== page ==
14. How can we make sure that Girl Scout Awards represent quality projects?
The best way to make sure that a girl is doing the best of her ability is to ensure that both she and her project advisor understand the award process and understand the difference between a onetime community service opportunity or event and a Girl Scout Bronze, Silver or Gold Award Take Action project. It is the responsibility of the troop/group volunteer, council staff member, or Gold Award Alliance Committee (for Gold work only) to work with the girl(s) to ensure that she/they meets the quality requirements of the award.
15. What is the difference between a troop/group volunteer and a Girl Scout Gold Award project advisor in the Girl Scout Gold Award process? Do girls need both?
A troop/group volunteer is the adult who works with an ongoing troop or group. Once a girl identifies her issue, the volunteer might help her identify a person in the community who could be a great project advisor. A Girl Scout Gold Award project advisor is a volunteer that guides a girl as she takes her project from the planning stage to implementation. The project advisor is not a girl’s parent or a Girl Scout troop/group volunteer. The project advisor is typically someone from the community who is knowledgeable about the issue and who can provide guidance, experience and expertise along the way.
16. Why can’t a parent be a Girl Scout Gold Award Project Advisor?
17. At what point should a Girl Scout Gold Award Project Advisor be identified?
The project advisor should be identified in the planning phase before the Gold Award Project Proposal is turned in to the council The project advisor expands the network of adults and provides expertise for a girl’s project. If a girl has an idea before she starts any work on her Gold Award, she might want to identify her project advisor from the very beginning.
18. What is the role of the council’s Girl Scout Gold Award Alliance Committee?
The Gold Award Alliance Committee is made up of Girl Scout volunteers, some of who have earned their Gold Award. The committee works with designated council staff to support girls in developing high quality Gold Award projects and to ensure that the girls’ projects meet the national guidelines. The committee reviews Gold Award Project Proposals, asks clarifying questions, makes recommendations for development and resources, reads the final report and makes a recommendation to the council on whether to approve the project.
19. How long does the approval process take for the Gold Award Project Proposal?
The process can take up to 6 weeks. The committee reviews the proposal and may ask questions for further information. Adequate time is allowed for both the committee and the girl to respond. Girls may not begin working on their project until they have received council approval for their project.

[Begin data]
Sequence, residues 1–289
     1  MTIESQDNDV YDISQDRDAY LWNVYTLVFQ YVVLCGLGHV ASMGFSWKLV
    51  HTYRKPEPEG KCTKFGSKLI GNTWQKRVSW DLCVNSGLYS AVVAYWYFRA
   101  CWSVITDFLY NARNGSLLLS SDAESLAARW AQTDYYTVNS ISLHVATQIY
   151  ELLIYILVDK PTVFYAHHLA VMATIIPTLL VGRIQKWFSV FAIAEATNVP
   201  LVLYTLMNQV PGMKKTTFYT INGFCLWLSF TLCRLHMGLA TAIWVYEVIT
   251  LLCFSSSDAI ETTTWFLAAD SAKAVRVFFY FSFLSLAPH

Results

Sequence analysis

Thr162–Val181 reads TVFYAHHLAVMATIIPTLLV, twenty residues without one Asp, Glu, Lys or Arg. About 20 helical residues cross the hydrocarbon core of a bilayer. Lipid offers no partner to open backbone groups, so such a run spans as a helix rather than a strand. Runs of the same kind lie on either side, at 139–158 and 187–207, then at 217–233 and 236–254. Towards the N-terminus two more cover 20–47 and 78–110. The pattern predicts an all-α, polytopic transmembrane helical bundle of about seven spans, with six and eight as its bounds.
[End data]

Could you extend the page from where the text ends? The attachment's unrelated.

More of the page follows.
20. Can a Girl Scout Gold Award project be something that benefits only Girl Scouts?
A Gold Award project must make a lasting difference in a broader community that does not only benefit Girl Scouts.
21. What if a girl is 18 and graduating? Can she complete her project when she is in college?
A girl has until she turns 18 or until the end of the Girl Scout membership year – September 30 – when she is a senior in high school.
22. Does the council approve Girl Scout Bronze and Silver Award projects?
The troop/group volunteer approves the projects at this level and signs the paperwork. They are responsible for making sure the girls are following the guidelines and working on Take Action project rather than a service project. Council offers support and answers questions if necessary.
23. Does the Bronze and Silver Award paperwork need to be turn in to the council?
Girl Scouts of Montana and Wyoming encourages girls to do so but it is not required. The council will send each girl a congratulatory letter, certificate and certificate to purchase her pin once her paperwork has been submitted. Girls should keep a copy of their paperwork.
24. Are girls allowed to do a project for any of the awards that involves Girl Scouts of Montana and Wyoming property?
Girls need prior approval from the GSMW Property Committee and the Property Director for any project that involves our properties. A troop/group volunteer or project advisor should contact the GSMW Property Director for more information before beginning a project.